Forage costs crucial to dairy profitability

Forage costs crucial to dairy profitability

*Bill Mahanna, Ph.D., Dipl ACAN, is a collaborative faculty member at Iowa State University and a board-certified nutritionist for DuPont Pioneer based in Johnston, Iowa. To expedite answers to questions concerning this article or to submit ideas for future articles, please direct inquiries to Feedstuffs, Bottom Line of Nutrition, 7900 International Dr., Suite 650, Bloomington, Minn. 55425, or email [email protected]

A RECENT journal paper by Pennsylvania State University researchers (Buza et al., 2014) provided an interesting perspective on the impact of forage costs on milk yield and, more importantly, on profitability as measured by income over feed cost (IOFC).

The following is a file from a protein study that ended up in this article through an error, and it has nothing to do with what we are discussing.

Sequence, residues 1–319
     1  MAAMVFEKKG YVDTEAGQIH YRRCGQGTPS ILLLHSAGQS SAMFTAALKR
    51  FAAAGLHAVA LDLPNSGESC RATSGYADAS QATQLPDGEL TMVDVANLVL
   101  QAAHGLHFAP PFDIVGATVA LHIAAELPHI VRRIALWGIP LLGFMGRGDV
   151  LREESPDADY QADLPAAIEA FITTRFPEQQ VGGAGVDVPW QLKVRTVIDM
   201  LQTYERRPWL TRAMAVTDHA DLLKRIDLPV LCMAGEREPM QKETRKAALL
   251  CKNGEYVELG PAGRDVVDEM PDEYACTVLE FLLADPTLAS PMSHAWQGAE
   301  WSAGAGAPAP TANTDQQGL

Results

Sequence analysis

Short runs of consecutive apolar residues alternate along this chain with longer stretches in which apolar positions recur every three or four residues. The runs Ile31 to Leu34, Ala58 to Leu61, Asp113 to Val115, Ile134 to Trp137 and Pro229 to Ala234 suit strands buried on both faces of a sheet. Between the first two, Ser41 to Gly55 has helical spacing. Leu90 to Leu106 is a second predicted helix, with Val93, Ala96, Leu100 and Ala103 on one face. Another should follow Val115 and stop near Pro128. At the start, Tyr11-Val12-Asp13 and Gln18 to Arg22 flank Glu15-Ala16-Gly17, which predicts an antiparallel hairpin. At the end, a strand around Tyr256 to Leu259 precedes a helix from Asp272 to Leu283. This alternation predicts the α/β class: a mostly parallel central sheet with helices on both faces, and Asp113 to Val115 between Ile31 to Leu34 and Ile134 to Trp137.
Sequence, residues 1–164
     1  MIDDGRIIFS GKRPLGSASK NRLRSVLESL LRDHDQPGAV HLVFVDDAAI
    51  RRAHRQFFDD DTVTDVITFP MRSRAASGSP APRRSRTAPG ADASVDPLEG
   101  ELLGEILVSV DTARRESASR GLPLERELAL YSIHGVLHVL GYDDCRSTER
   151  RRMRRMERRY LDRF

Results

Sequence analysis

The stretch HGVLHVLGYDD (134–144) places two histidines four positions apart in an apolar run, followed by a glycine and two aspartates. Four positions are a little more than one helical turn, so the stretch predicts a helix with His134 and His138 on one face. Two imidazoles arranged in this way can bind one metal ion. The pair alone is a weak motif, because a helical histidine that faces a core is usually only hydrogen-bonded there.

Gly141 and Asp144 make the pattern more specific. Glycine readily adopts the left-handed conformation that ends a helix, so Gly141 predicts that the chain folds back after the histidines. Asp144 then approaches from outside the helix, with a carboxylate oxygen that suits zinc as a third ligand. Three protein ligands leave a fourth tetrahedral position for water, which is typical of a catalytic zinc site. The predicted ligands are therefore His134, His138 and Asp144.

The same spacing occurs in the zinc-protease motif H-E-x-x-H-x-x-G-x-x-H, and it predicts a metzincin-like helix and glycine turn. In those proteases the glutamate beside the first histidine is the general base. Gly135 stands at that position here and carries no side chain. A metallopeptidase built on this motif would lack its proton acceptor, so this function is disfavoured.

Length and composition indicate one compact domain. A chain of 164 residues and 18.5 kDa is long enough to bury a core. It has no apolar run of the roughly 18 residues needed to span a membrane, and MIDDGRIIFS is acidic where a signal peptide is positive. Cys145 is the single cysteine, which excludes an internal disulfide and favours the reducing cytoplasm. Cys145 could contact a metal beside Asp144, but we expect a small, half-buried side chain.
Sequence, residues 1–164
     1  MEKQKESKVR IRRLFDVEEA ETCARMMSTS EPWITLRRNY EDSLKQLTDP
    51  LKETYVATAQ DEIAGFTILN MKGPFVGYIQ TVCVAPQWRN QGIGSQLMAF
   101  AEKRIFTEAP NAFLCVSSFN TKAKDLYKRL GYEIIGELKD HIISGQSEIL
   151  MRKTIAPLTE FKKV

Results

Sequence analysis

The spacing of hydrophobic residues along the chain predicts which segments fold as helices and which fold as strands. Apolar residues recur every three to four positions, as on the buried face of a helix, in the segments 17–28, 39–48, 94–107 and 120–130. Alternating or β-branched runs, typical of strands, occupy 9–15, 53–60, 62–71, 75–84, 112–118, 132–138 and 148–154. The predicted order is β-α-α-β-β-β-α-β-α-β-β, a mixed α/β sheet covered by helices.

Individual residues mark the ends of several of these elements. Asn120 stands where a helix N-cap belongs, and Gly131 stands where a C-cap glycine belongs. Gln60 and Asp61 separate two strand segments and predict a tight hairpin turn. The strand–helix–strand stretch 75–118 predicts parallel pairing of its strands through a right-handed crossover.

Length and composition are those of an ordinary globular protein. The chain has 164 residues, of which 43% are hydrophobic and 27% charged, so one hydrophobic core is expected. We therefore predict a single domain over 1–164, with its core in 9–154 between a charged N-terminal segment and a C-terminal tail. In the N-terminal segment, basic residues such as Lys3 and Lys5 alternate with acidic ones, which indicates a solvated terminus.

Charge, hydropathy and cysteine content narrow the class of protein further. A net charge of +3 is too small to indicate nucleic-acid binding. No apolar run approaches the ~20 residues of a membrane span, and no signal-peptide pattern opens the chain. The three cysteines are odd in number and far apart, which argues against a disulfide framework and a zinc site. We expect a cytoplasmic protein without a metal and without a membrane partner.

This column will delve into these findings and also addresses various ways for dairies to view efficiency and profitability.

 

Dairy feed efficiency

There are many ways to interpret the importance of forage quality on the feed efficiency or profitability of a dairy enterprise. In recent years, entire conferences have been devoted to the efficiency of feed utilization in livestock production.

Feed conversion expresses the ratio of feed input to body mass gain output. Livestock industries use feed conversion as a profitability benchmark in the production of poultry (less than 2:1), pork (less than 3.5:1) and beef (about 4.5-20:1, depending on the age and diet).